In Bangkok this week, President Bush used long words — multiparty talks, security guarantees, long-range missiles — to discuss the problem of North Korea with North Korea’s neighbors. Here in Washington, on the other side of the globe, a small organization called the U.S. Committee for Human Rights in North Korea will today use pictures to discuss the problem of North Korea with anyone who wants to listen. The pictures that the committee has procured — and now published, together with a report called “The Hidden Gulag” — are satellite photographs of North Korean concentration camps. With remarkable clarity they show, for example, the contours of Yodok, one of the most notorious prison camps in North Korea: the barracks and “villages” inhabited by different categories of prisoners, including political prisoners; the mines, the flour mill, the farms where prisoners work; the cemetery. They also show the outlines of Bukchang, another vast camp, including its cement factory, its hospital, its punishment barracks, its school for prisoners’ children. Distinct objects, including the high walls that enclose the camps, are clearly visible.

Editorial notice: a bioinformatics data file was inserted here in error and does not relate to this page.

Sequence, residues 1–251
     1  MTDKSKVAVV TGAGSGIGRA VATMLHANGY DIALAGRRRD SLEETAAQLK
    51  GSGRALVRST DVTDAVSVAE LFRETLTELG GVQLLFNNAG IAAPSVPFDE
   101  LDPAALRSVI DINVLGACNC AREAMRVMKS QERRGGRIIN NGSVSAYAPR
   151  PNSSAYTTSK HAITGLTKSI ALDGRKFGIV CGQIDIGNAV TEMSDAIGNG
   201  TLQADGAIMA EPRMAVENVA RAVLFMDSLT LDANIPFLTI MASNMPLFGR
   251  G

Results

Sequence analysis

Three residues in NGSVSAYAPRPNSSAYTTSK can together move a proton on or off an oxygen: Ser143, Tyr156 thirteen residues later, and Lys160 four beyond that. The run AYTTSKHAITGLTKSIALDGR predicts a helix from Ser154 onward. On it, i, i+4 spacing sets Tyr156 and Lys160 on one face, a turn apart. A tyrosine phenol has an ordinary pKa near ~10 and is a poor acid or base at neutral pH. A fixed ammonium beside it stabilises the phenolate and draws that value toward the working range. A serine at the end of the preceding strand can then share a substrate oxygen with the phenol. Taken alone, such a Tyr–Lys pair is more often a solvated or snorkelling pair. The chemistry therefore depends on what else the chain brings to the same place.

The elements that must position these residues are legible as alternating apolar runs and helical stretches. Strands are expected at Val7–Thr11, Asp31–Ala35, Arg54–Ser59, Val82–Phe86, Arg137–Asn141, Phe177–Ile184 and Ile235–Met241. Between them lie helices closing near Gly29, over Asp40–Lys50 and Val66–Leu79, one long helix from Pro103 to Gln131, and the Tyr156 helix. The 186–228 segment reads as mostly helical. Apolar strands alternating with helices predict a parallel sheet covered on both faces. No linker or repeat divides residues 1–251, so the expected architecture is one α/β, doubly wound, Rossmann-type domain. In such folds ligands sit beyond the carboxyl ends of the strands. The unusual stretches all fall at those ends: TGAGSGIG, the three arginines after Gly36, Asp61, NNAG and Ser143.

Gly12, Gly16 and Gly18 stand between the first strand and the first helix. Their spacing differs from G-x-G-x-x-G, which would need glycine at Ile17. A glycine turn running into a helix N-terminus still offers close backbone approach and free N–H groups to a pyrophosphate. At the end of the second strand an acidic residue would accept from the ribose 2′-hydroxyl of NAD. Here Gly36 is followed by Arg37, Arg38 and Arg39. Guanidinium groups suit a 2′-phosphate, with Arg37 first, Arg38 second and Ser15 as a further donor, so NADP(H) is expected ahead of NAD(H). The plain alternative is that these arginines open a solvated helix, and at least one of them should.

The rest of it is today’s Required Reading.